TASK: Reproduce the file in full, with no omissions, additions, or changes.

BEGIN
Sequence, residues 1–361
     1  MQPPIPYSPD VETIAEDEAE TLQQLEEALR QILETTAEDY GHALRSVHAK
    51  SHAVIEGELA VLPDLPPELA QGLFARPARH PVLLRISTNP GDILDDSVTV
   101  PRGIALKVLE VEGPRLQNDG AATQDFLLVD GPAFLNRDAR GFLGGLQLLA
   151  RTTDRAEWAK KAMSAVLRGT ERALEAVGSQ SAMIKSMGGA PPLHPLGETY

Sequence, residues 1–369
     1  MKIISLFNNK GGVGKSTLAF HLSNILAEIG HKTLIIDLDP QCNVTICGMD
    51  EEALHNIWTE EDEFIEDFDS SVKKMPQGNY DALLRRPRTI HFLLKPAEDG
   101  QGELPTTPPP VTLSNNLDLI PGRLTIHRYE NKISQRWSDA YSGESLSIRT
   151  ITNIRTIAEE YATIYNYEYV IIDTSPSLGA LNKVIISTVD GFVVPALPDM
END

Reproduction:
Sequence, residues 1–361
     1  MQPPIPYSPD VETIAEDEAE TLQQLEEALR QILETTAEDY GHALRSVHAK
    51  SHAVIEGELA VLPDLPPELA QGLFARPARH PVLLRISTNP GDILDDSVTV
   101  PRGIALKVLE VEGPRLQNDG AATQDFLLVD GPAFLNRDAR GFLGGLQLLA
   151  RTTDRAEWAK KAMSAVLRGT ERALEAVGSQ SAMIKSMGGA PPLHPLGETY

Sequence, residues 1–369
     1  MKIISLFNNK GGVGKSTLAF HLSNILAEIG HKTLIIDLDP QCNVTICGMD
    51  EEALHNIWTE EDEFIEDFDS SVKKMPQGNY DALLRRPRTI HFLLKPAEDG
   101  QGELPTTPPP VTLSNNLDLI PGRLTIHRYE NKISQRWSDA YSGESLSIRT
   151  ITNIRTIAEE YATIYNYEYV IIDTSPSLGA LNKVIISTVD GFVVPALPDM